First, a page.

Countdown! The Top 100 Hello! Project PVs

 

Now … on to #95:

 

95.
Aoiro 7 – Aoi Sports Car no Otoko (2000)
Tsunku / Tsunku / Matsubara Ken / zetima

An amusing and innovative PV from one of the first shuffle groups. I’m not sure I have much to say about this one, but the shots of Makoto toking up on a joint are totally random.

 

94.
℃-ute – Tokaikko Junjou (2007)
Tsunku / Tsunku / Hirata Shouichirou / zetima

OK, some of you will hate me for putting this one so low on the ranking, but honestly, I’ve just never been able to get into ℃-ute. I’ve tried many a time to enjoy their music, and except for a couple of mildly enjoyable tracks, they’ve generally failed to capture my interest. I don’t know what it is that makes me love Berryz with such passionate fervor but makes me react to ℃-ute with rabid indifference.

As for “Tokaikko Junjou”, it’s certainly a refreshing change from their earlier work, but I haven’t found it especially notable. And the PV is also rather boring, except for the part where Maimi throws Chisato’s ball off into the distance and it explodes in a line of light. This is interesting, but I’m not sure what it has do with anything.

 

93.
Tanpopo – Oujisama to Yuki no Yoru (2001)
Tsunku / Tsunku / Nagai Rui / zetima

Poignantly charming video from back in the day. I particularly like the interior rotating camera shots. And the whole thing just gives off an aura of warm and fuzzy winter-holiday goodness.

 

92.
Abe Natsumi – The Stress (2006)
Moritaka Chisato / Saito Hideo / Ueno Keiichi / hachama

Quirky video about revelations, relativity, and the irrelevance of time. Or something like that.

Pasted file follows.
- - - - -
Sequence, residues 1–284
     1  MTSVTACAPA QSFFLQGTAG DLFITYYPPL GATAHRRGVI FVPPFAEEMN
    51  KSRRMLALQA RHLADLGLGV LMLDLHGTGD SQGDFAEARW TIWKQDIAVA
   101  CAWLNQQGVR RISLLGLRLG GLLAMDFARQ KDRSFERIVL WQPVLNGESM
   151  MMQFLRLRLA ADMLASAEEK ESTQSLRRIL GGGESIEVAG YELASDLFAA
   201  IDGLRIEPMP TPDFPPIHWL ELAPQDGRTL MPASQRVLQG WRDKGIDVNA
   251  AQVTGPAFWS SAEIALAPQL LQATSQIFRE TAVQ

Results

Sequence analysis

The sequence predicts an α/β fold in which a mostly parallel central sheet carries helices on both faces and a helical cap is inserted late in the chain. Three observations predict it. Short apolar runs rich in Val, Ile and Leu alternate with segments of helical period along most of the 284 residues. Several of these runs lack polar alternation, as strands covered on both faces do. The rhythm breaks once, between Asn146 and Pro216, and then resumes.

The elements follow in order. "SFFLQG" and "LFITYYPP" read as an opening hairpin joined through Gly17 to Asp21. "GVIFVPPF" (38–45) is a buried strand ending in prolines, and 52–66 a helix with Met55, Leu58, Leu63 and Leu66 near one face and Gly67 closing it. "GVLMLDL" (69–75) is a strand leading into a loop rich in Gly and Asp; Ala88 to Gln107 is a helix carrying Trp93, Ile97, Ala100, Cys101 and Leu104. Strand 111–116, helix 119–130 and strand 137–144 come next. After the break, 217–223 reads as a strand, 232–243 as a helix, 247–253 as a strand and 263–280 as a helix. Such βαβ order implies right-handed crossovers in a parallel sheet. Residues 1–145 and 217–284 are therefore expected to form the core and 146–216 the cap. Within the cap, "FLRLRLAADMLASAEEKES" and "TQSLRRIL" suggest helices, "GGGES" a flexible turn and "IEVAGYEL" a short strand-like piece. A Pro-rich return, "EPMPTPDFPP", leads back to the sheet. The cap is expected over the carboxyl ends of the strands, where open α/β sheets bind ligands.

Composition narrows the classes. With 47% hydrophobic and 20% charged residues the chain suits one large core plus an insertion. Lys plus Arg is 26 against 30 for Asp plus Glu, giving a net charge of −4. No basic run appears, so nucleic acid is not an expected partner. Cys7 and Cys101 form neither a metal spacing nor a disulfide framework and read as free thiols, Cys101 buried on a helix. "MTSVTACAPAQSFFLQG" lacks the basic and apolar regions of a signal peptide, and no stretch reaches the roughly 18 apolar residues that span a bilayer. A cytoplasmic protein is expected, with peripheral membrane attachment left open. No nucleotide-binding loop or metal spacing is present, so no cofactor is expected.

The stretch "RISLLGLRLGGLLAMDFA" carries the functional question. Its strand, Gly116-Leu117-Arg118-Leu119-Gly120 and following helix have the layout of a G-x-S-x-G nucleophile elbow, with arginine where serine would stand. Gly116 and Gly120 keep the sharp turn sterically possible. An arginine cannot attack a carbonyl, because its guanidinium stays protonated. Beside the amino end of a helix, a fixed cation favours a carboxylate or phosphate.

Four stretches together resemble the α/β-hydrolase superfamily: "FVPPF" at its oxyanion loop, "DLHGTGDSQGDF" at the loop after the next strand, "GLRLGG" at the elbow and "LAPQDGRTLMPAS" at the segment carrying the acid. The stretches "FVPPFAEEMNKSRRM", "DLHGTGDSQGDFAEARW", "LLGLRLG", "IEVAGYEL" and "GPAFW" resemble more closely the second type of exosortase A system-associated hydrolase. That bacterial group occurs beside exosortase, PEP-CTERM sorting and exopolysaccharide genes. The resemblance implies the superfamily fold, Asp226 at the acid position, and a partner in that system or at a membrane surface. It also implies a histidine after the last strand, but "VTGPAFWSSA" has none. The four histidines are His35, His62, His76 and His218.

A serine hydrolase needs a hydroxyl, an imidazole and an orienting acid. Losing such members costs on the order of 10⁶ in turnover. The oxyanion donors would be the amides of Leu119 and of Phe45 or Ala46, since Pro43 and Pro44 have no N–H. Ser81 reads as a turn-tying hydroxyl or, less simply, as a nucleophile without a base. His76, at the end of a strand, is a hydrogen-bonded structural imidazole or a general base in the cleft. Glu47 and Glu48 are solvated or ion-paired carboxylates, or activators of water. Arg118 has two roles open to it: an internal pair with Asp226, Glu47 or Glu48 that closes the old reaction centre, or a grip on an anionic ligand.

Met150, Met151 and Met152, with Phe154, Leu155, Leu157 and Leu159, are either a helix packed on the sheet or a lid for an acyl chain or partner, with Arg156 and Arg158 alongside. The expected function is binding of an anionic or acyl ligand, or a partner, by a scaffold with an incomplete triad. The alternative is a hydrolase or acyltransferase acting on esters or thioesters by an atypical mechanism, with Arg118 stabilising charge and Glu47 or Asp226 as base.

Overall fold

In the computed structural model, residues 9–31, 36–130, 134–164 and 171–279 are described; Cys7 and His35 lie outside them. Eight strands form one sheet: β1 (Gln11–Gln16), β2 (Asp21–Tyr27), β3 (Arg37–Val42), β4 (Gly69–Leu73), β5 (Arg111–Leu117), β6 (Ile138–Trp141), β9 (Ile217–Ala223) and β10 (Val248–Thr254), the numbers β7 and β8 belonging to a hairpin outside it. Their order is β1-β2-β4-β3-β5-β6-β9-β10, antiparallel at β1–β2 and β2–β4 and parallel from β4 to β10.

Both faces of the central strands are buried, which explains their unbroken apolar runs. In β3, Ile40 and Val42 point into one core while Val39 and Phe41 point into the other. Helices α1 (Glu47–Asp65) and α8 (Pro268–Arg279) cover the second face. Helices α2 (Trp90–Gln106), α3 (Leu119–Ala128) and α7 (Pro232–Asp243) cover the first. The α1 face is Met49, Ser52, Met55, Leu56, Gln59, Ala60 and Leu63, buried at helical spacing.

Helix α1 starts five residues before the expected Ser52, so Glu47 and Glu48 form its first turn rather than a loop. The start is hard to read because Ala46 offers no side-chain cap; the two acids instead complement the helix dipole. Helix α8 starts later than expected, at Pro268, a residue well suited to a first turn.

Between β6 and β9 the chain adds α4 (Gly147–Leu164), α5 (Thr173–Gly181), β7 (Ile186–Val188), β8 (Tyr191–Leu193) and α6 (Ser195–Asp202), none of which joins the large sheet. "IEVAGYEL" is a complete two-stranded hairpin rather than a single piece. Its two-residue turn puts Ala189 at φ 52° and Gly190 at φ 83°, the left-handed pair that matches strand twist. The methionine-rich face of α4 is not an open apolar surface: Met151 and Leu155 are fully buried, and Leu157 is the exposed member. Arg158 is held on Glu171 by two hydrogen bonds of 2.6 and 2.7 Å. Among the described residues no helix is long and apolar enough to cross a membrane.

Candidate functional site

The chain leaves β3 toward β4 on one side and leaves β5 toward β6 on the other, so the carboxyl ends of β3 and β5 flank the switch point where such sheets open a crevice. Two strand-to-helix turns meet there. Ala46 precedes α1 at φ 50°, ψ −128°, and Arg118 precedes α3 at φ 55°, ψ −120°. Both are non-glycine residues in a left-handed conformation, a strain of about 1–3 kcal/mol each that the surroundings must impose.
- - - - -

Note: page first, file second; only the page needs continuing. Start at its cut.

91.
Melon Kinenbi – Natsu no Yoru wa Danger! (2002)
Tsunku / Tsunku / ab:fly, Kohno Shin / zetima

Four strangers find their lives mysteriously drawn together by the sudden appearance of a bike-riding apparition. The metaphorical significance of the kid is tantalizing, but purposefully ambiguous. Is this a symbol of the intersection of our protagonists’ shared past, a reflection of some common event that took place when the four were together but has since been forgotten by them as they proceed with their separate lives? Or is the kid a symbol of the ephemeral nature of life? What’s here in any given moment may soon disappear, without warning. A human embodiment of God, portrayed as simultaneously youthful and ageless? And also perhaps an outward manifestation of the inner souls of all four characters, intentionally abstracted across gender and ethnicity lines to imply its universal relevance to the human experience?

The theme of cycles plays into this PV as well. We see alternating views of night and day; the waves roll in and out; the setting is summer, but fall is not far behind. Life itself, which underlies every shot, is cyclical in nature as well. The waves also bring to mind Virginia Woolf’s novel The Waves, a poetic examination of the momentary occurrences that bring people together ever so briefly over the course of their lives.

And the bicycle? This pretty much sums up the cyclical theme of this video. And in light of my previous cursory examination of the philosophical significance of the train, the bicycle
plays a sharp counterpoint. While a train carries us by its own power but never wavers from the tracks set before it, a bicycle gives us freedom to take ourselves in any direction we choose, though we must provide our own energy to guide it … and yet, when handled properly, a bicycle is nevertheless capable of the graceful movement performed by a track-bound locomotive.

A simple yet highly effective video.

 

And once again, I find myself physically incapable of putting out a post shorter than 500 words…

 


(next: 90-86)

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